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Discover how to build professional apps that encompass the 17 major feature areas of Windows Phone, from XAML to multimedia to network access. In this course, author Michael Lehman details the standard hardware device configuration, teaches how to navigate the development environment, and explores the Windows Phone APIs. The course shows how to build sample applications while learning Windows Phone concepts and frameworks, including the Metro design language.
And finally let's take a look at how to use Accelerometer. Once again, back to our Solution Explorer, let's open up Accelerometer page. And here, similar to the GPS, we have a button which Starts Tracking the Accelerometer data, because again it's Event driven, and you do not want to be tracking it all the time unless you are actually using it, partly to save battery life. And then we have three text blocks where we are going to show what the current values of the three axes of the Accelerometer are as being reported by the Accelerometer. So let's go take a look at the code behind this.
In our Accelerometer page, in order to be able to access the Accelerometer, we need to get access to the Microsoft.Devices.Sensors API, where there is an Accelerometer object. Then we need a Timer because we use the Timer in order to update the UI as opposed to using a BeginInvoke that we used in the GPS thing. It's just a different way of getting data updated on the UI thread. So instead of taking the actual Update events and firing off for UI thread, we simply update the UI thread based on the Timer. The result of an Accelerometer Readback is an object of type Vector3, so you got X, Y, and Z axes.
And then, each time we get an Accelerometer result, we get to find out whether or not the Accelerometer data is valid. So we start up by saying, you know, do we have an Accelerometer on this device? Well, all existing Windows Phones have Accelerometers, but it is possible that you might eventually have one that doesn't. And assuming that we do have one, then we initialize our Timer or set it to 30 Milliseconds and set up an EventHandler for it, but we do not actually start the timer. Accelerometer starts when the user taps the button. First time through we go to see if we have actually allocated our Accelerometer object.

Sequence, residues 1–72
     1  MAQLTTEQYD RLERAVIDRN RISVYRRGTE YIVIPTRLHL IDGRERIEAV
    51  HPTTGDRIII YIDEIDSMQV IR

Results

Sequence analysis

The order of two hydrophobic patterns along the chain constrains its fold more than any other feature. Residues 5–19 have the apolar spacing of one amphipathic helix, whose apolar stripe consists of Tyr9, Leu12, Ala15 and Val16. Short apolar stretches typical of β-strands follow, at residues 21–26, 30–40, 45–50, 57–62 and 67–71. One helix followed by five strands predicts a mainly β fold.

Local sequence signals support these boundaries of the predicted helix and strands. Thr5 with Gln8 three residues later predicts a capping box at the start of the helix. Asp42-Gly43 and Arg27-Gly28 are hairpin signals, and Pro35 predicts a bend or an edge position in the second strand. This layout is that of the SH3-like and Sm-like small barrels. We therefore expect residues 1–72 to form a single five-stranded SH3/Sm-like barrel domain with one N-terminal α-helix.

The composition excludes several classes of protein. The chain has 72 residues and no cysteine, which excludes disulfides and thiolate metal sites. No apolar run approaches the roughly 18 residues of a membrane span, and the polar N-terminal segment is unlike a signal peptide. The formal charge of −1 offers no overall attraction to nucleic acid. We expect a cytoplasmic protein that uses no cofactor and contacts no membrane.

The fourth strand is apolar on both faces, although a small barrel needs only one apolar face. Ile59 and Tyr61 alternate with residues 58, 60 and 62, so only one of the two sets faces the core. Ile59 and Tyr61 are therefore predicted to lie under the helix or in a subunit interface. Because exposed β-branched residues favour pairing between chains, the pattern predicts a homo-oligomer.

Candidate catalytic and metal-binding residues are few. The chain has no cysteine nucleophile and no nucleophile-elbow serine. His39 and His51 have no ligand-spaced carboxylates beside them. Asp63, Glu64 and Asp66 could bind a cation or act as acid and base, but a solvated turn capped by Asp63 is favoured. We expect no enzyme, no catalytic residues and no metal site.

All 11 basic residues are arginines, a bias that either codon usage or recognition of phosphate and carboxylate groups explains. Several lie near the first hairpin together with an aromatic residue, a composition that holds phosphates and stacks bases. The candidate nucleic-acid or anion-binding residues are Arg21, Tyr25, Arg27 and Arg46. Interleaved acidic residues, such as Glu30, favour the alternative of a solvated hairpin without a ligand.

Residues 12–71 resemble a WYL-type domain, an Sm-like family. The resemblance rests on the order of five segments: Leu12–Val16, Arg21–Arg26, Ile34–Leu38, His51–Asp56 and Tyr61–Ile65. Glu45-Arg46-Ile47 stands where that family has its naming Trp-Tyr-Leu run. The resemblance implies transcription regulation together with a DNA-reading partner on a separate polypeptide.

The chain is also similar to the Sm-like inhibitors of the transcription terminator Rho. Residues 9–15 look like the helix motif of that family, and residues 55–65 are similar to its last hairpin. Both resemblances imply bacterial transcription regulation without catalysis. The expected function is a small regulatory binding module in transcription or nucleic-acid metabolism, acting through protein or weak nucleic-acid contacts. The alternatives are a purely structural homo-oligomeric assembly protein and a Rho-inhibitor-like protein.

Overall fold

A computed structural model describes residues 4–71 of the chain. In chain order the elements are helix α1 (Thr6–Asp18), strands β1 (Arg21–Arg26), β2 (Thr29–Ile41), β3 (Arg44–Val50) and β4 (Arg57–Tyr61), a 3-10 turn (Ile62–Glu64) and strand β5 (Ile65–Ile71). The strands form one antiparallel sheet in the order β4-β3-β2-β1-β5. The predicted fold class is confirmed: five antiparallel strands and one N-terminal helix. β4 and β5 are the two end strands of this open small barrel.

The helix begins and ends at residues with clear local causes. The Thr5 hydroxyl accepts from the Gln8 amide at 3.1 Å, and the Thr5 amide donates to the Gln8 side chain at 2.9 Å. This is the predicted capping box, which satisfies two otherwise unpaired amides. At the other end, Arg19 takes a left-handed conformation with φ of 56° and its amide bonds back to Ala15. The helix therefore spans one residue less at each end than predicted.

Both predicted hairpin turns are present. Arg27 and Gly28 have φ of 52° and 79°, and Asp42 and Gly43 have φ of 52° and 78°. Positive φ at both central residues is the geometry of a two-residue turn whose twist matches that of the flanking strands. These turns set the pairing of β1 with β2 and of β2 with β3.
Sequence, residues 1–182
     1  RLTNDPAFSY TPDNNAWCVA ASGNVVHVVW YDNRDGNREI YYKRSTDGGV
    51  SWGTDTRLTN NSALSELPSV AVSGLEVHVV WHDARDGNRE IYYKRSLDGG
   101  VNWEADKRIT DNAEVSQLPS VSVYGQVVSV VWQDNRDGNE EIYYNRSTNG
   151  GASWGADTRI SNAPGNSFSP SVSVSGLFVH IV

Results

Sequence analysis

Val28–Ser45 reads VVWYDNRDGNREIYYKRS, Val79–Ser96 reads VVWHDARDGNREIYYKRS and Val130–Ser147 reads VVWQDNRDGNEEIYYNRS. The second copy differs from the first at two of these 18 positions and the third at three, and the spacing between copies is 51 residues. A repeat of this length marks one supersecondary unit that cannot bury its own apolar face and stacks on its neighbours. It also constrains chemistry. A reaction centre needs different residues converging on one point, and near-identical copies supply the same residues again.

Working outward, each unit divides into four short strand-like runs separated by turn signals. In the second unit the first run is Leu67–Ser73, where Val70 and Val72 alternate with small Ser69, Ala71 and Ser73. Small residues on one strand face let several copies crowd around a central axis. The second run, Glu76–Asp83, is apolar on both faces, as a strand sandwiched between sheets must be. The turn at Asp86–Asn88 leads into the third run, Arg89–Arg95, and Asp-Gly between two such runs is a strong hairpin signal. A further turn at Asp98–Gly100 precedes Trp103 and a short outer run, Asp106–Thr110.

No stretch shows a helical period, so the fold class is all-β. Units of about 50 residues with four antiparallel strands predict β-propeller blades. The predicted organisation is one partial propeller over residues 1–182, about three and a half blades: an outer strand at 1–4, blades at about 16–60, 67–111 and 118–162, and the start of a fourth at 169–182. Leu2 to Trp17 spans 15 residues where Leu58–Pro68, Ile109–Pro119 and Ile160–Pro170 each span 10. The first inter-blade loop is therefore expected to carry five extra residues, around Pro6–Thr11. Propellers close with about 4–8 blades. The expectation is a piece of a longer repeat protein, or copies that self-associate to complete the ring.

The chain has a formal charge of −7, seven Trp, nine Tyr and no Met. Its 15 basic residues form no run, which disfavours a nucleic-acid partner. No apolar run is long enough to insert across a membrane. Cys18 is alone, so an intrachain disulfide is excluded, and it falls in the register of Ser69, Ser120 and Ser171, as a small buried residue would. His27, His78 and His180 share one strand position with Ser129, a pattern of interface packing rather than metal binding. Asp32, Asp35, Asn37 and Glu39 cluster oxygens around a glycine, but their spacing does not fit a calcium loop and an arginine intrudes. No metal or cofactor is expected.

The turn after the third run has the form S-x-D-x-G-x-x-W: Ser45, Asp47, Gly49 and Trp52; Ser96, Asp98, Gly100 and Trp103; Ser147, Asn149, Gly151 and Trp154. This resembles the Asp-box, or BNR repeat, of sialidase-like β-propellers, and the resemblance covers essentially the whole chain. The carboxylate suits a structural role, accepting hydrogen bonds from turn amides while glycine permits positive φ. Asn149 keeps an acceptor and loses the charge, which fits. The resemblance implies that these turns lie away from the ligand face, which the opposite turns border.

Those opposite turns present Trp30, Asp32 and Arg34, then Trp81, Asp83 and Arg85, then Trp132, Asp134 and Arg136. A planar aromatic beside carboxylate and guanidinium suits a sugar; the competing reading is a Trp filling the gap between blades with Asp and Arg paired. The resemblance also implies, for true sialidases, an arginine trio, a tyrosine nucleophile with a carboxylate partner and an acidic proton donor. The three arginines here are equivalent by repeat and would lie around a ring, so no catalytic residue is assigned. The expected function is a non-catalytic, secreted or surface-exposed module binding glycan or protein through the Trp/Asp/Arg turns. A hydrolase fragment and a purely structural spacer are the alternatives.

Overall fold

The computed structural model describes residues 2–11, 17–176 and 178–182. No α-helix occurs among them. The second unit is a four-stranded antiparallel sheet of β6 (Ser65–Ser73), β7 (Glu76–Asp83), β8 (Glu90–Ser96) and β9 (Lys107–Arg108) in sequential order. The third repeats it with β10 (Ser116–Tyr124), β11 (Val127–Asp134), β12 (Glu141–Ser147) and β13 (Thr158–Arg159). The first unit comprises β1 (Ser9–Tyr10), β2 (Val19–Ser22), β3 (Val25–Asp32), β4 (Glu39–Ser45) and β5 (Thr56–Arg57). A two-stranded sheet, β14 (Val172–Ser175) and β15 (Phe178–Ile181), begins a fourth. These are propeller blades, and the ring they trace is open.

If not, we allocate it, we set up time between updates of 20 Milliseconds, and again we set up an EventHandler for the current value changed event, and then we Start the Accelerometer, and we Start our Timer. It is highly unlikely that there would be any problem with that, but just in case, we cache the exception to make sure that the Accelerometer actually did start. Here is our callback method, all we do is set the dataOK flag and set the Vector3 whatever the current reading for the Accelerometer is. And then we access that data in our Timer callback, going and looking at if the data is okay, then we look at the X, Y, and Z Properties on that Vector3 object and set the text properties of our text blocks to update the current X, Y, and Z value.
And that is a brief overview of the different kinds of sensors that you can access on every Windows Phone. Some newer Windows Phones also have a Compass, and in the future there may very well be other kinds of sensors that may show up. So stay tuned to the Microsoft web site that gives you information on how to access the detailed sensors, especially the how-to site, it always has samples for each kind of capabilities that are available in Windows Phone devices.
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